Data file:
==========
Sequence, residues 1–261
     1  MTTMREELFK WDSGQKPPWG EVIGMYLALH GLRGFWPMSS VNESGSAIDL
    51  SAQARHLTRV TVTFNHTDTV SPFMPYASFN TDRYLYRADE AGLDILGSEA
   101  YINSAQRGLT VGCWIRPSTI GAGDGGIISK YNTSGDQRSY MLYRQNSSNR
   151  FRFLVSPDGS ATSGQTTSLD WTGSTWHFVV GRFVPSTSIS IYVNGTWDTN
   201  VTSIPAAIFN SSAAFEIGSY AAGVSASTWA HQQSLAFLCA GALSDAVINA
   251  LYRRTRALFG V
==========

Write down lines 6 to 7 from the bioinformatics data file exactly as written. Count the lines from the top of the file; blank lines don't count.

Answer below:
   201  VTSIPAAIFN SSAAFEIGSY AAGVSASTWA HQQSLAFLCA GALSDAVINA
   251  LYRRTRALFG V